Secret chips in replacement parts can completely hijack your phone's security
Booby-trapped touchscreens can log passwords, install malicious apps, and more.
People with cracked touch screens or similar smartphone maladies have a new headache to consider: the possibility the replacement parts installed by repair shops contain secret hardware that completely hijacks the security of the device.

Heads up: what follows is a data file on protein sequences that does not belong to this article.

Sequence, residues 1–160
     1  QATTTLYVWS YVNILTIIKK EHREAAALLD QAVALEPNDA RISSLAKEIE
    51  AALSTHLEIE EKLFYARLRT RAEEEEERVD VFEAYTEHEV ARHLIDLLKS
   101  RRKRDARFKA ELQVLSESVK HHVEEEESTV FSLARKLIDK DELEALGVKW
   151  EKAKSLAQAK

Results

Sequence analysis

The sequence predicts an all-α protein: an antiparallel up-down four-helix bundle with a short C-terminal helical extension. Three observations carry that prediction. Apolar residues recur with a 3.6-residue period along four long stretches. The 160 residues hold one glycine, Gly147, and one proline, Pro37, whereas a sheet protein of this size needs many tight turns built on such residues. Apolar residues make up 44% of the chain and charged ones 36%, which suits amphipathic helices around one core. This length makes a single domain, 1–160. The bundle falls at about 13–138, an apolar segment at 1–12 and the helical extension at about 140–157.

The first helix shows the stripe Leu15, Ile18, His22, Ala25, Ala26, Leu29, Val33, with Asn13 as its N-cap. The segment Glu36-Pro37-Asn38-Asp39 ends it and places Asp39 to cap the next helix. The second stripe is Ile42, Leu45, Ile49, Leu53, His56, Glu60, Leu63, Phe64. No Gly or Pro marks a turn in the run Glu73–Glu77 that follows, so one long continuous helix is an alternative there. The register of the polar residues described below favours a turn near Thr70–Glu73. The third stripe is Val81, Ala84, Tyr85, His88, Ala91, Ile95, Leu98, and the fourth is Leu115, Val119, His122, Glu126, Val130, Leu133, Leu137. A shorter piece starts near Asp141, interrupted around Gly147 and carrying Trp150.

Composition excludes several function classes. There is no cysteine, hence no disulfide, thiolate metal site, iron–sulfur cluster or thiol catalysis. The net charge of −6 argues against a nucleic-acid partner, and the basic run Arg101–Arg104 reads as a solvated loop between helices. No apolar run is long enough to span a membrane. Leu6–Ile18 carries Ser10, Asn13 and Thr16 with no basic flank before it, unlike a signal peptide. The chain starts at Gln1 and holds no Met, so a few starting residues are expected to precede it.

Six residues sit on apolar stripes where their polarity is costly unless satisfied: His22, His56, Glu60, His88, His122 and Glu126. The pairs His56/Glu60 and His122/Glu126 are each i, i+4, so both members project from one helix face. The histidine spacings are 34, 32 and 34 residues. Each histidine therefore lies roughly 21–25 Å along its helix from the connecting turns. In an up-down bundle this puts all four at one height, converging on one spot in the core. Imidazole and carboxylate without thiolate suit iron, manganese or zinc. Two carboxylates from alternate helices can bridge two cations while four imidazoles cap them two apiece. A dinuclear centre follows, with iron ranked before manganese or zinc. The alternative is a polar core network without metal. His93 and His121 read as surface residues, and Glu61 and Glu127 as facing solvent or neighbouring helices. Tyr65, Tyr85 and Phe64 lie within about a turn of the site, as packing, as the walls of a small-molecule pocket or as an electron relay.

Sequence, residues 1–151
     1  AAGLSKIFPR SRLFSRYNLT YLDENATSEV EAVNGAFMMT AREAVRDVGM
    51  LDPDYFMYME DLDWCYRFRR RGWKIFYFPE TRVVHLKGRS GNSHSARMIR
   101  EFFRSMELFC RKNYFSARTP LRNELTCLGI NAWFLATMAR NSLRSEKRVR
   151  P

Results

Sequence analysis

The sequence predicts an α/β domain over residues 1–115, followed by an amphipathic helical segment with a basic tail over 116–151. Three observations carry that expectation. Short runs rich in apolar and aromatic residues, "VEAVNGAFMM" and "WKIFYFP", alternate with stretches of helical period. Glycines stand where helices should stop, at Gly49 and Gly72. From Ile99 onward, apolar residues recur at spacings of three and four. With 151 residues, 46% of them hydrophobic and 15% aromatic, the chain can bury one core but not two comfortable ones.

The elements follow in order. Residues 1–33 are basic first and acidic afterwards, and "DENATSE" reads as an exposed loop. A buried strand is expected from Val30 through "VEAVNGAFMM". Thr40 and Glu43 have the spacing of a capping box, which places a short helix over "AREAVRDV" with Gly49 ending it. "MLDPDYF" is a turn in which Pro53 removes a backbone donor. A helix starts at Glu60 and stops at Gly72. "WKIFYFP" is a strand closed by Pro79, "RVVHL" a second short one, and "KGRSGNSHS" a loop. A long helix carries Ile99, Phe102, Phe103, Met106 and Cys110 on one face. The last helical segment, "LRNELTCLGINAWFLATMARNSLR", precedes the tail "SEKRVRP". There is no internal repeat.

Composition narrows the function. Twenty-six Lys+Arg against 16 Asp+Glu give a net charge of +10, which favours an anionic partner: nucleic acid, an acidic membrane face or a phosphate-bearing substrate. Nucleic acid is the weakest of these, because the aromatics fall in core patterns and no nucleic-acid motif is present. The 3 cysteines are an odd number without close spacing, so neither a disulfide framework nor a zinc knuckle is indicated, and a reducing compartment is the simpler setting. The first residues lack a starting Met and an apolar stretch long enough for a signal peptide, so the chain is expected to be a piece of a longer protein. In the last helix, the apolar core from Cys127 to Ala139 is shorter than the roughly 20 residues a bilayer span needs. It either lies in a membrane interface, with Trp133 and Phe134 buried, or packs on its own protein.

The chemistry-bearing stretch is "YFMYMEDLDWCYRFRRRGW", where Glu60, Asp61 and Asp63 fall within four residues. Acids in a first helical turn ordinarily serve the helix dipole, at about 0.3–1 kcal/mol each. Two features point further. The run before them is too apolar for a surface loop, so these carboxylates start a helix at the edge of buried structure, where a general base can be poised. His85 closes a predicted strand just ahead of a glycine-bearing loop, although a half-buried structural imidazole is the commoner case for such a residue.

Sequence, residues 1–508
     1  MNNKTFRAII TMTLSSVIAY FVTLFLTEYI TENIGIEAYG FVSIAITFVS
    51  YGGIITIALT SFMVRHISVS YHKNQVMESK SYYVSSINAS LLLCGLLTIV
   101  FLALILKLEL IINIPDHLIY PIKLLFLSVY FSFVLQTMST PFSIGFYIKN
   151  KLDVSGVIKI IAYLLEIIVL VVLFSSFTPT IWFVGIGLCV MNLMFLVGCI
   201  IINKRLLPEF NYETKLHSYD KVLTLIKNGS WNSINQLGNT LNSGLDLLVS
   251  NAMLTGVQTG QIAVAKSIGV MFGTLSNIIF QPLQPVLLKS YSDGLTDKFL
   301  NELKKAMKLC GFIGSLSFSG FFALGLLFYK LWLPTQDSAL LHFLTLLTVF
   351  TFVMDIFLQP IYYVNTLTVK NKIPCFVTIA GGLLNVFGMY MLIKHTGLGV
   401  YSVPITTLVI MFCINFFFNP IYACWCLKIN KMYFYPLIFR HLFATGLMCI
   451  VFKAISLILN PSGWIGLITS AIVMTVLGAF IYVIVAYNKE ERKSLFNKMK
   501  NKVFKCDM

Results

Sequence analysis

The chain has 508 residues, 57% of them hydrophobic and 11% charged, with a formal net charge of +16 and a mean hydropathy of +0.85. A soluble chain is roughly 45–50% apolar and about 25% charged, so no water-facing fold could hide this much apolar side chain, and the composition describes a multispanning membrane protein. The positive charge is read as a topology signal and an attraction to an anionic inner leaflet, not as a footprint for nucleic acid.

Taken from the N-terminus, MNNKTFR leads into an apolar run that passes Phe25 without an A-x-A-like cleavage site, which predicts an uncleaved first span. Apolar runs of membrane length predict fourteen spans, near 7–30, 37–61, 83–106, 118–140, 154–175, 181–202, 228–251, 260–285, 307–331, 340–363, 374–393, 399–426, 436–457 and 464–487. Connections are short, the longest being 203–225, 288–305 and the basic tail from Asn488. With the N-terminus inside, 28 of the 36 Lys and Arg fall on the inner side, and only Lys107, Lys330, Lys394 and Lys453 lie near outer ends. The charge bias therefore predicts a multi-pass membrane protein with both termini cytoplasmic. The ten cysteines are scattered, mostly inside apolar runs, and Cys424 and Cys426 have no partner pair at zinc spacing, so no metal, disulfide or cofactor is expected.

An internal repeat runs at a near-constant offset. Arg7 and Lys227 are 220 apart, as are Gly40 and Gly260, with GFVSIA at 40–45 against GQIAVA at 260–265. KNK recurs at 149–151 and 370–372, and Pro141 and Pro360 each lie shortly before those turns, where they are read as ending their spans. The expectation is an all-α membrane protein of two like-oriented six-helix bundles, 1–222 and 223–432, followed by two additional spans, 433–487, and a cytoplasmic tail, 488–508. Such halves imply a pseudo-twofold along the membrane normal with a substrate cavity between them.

The concern arises from research that shows how replacement screens - one put into a Huawei Nexus 6P and the other into an LG G Pad 7.0 - can be used to surreptitiously log keyboard input and patterns, install malicious apps, and take pictures and e-mail them to the attacker. The booby-trapped screens also exploited operating system vulnerabilities that bypassed key security protections built into the phones. The malicious parts cost less than $10 and could easily be mass-produced. Most chilling of all, to most people, the booby-trapped parts could be indistinguishable from legitimate ones, a trait that could leave many service technicians unaware of the maliciousness. There would be no sign of tampering unless someone with a background in hardware disassembled the repaired phone and inspected it.